Your Payer Contracts: Money Makers or Money Drains?

Is each of your contracts profitable for your practice?

“Don’t just accept every health plan contract you are offered without evaluating its impact on your practice,” warns Donna Kinney, TMA’s former director of research and data analysis. “Determine which contracts are profitable and which are not. For existing contracts, it may be prudent to terminate or renegotiate those that are unprofitable.”
 
Here is a simple way to start your evaluation of existing contracts:
 
1. Calculate your practice’s total cost (including physician compensation) as a percent of charges:
 
Cost as a percent of charges = Total cost ÷ Total charges
 
2. Calculate the yield for each contract as a percent of charges:
 
Contract yield = Total contract payments ÷ Total contract charges
 
3. Compare the yield for each contact with your result in No. 1 above.
 
Say, your practice’s total charges for a given period are $16,000, and your costs are $10,000. This yields a cost as a percent of charges of 63 percent. When you calculate the yield for each contract, you discover that two of your contracts pay you less than 63 percent of your charges under that contract. Those are unprofitable contracts!
 
A lot of factors need to go into your final evaluation of a contract, such as how much volume it represents, your overall payer mix, and information about each contract’s performance. You can use your practice management system to track such traits and the number and reasons for claim denials and appeals, the average time for claims payments, coding and fee changes, and requests for additional information. Ask staff to rate payers in terms of administrative hassles, as well.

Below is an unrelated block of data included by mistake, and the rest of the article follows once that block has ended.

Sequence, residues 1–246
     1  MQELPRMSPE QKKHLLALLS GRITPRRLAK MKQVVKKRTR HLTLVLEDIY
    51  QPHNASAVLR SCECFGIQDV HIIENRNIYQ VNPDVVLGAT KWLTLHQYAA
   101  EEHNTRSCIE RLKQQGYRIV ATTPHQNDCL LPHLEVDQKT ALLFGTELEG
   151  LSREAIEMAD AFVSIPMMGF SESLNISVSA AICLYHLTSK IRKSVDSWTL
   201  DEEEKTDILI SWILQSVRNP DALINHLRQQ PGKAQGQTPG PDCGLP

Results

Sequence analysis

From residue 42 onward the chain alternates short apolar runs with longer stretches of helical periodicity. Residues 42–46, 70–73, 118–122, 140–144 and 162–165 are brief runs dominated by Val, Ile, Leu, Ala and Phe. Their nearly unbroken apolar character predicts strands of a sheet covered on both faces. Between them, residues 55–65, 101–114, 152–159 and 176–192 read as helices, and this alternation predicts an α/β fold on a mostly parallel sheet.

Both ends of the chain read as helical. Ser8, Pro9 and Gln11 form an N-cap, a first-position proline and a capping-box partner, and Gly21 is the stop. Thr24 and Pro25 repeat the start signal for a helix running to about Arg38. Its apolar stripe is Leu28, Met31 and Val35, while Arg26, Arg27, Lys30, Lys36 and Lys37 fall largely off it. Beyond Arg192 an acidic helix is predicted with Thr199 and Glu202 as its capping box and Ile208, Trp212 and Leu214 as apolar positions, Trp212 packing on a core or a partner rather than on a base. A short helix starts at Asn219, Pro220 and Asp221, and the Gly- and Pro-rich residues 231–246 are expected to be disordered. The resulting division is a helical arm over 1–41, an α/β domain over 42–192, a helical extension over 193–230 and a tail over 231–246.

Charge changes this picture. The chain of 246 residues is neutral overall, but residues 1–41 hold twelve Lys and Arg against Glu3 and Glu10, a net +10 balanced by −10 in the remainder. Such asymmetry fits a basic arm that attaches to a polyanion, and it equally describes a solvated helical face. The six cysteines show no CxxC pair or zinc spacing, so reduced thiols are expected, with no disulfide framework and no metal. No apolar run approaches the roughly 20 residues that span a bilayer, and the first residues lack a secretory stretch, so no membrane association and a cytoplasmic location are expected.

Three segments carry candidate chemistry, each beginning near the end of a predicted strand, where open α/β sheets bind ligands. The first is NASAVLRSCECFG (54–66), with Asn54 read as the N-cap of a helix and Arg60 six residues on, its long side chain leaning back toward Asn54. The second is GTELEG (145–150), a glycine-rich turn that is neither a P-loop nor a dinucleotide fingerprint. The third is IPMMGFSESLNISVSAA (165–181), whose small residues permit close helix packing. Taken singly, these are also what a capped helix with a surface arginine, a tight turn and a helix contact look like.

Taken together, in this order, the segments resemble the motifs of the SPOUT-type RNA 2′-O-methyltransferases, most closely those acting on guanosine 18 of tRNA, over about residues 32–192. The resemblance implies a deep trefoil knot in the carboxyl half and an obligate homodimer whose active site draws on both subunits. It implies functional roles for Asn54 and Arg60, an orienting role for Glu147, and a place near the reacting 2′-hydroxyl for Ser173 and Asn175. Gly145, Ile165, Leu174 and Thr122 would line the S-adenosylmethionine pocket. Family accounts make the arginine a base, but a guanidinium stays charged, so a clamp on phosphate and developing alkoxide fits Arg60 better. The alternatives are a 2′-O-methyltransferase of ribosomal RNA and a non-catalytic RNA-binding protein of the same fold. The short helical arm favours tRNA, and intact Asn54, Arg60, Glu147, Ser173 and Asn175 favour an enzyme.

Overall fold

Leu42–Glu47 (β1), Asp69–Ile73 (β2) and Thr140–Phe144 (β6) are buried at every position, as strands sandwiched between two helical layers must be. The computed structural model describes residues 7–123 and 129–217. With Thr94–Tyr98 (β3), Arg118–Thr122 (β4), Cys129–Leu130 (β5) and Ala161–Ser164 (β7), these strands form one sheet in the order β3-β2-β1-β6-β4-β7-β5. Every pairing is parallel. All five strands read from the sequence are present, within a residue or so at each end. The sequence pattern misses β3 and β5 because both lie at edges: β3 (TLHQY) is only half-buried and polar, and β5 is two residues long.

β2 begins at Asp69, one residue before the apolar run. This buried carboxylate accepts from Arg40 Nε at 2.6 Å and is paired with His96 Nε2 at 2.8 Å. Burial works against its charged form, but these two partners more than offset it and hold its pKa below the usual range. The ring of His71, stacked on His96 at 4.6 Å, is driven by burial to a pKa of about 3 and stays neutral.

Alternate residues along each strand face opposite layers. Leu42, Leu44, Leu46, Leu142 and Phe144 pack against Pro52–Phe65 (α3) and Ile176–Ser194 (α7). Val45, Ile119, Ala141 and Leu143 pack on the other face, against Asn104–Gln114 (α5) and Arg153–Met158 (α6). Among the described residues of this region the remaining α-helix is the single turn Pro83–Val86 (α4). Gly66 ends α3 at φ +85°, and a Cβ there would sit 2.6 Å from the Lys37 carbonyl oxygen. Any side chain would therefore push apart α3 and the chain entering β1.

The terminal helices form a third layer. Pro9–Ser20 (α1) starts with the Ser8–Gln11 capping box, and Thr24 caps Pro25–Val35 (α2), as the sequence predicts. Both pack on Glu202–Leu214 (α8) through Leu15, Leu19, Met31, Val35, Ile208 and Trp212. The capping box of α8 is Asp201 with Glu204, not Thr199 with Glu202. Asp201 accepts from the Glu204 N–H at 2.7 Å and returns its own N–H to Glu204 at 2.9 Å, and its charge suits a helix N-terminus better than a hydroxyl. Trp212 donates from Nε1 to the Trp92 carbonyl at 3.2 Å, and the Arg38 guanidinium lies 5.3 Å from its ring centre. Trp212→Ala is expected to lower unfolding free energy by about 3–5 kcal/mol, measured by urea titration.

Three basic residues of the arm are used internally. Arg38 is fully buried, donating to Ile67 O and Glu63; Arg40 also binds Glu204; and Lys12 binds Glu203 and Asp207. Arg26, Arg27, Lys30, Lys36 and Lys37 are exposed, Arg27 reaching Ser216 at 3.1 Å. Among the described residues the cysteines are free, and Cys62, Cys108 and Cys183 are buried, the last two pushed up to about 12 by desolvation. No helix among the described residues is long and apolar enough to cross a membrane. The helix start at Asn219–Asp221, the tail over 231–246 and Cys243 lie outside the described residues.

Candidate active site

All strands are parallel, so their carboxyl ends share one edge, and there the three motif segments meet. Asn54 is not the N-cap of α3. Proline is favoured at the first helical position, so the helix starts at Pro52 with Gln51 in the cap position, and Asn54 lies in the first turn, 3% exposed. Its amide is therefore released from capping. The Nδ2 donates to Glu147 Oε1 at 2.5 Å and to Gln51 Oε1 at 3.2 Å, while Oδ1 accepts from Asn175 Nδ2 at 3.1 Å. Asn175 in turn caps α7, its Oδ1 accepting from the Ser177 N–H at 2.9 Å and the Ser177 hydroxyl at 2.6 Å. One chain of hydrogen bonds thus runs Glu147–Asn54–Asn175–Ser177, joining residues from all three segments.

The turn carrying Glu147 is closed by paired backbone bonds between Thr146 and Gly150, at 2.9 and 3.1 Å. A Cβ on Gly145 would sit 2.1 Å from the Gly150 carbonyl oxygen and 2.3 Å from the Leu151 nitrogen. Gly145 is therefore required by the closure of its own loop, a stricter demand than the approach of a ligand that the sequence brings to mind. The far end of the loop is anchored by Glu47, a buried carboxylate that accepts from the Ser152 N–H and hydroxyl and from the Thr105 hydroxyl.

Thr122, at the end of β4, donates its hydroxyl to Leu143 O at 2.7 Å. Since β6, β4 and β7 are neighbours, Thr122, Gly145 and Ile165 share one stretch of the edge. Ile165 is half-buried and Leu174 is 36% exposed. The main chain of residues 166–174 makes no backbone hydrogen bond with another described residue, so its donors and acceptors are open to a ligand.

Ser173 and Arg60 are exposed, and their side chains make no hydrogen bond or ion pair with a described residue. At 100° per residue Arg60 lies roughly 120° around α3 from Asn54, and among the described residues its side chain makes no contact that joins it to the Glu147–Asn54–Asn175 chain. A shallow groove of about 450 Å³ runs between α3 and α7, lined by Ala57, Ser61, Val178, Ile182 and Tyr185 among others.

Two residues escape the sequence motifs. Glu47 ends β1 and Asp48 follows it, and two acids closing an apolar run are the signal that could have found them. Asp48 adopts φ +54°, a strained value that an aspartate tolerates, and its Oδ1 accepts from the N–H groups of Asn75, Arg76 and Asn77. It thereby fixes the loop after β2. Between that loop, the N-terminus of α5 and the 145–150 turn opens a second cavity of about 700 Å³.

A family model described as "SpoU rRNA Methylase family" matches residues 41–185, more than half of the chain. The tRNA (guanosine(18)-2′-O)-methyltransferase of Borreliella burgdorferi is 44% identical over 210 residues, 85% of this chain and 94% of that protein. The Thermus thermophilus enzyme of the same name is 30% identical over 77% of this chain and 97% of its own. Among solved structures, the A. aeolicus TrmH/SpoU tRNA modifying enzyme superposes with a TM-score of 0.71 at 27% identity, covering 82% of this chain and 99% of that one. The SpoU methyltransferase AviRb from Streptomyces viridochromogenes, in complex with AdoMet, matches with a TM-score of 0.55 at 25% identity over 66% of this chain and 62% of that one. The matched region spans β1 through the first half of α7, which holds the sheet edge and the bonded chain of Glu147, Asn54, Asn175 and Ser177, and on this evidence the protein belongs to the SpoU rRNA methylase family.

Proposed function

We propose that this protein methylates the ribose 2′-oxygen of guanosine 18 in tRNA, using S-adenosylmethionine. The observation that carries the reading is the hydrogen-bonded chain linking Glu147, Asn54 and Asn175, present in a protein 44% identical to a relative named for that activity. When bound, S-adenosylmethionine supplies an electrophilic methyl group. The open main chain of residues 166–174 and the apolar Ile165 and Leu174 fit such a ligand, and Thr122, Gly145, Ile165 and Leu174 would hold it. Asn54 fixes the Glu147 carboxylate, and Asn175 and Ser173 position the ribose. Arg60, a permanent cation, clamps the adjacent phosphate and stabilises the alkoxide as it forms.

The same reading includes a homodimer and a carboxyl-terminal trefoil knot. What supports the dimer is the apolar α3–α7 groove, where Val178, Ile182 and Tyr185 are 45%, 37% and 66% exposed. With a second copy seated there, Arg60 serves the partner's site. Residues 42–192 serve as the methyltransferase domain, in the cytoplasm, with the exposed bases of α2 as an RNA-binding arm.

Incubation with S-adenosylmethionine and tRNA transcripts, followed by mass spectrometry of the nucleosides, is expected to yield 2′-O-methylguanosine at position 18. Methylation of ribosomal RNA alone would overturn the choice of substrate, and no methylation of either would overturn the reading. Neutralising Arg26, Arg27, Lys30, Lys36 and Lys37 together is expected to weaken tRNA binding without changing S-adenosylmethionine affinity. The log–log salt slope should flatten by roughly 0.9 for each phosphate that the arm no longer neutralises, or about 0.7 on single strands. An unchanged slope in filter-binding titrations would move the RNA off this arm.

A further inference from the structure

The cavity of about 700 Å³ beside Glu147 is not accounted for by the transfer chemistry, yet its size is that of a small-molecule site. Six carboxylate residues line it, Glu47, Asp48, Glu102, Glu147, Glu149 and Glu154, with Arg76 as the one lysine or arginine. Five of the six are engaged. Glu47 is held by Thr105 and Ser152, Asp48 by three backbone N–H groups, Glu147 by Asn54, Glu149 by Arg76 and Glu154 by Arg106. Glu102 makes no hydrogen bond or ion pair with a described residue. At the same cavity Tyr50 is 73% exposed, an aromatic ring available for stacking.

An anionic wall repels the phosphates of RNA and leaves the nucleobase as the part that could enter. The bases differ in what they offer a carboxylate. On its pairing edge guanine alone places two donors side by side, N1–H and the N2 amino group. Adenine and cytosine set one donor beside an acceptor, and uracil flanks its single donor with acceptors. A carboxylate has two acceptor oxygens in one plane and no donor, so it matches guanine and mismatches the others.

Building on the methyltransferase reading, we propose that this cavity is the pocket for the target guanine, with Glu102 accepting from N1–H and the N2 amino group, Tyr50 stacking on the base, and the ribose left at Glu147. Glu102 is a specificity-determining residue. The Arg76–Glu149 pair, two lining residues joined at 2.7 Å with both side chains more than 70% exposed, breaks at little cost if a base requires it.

The data may reveal that one or more payers demonstrates consistently poor performance or creates additional administrative burdens for the practice. Documentation of delays and payer challenges can put you in a better bargaining position during contract negotiation, if you decide to go that route. 
 
For new contracts, evaluate the contract rate offered against your most frequently billed CPT codes, and consider the insurer’s policies regarding prior authorization and other potential hassles that could affect your commonly provided services.
 
Visit TMA’s Contracts webpage for more information. If you want help evaluating a contract, consider using a contract evaluation service, such as the one offered by Michael Z. Stern, JD, who offers a special price for TMA members.   

 

Last Updated On

March 21, 2022

Originally Published On

September 09, 2015

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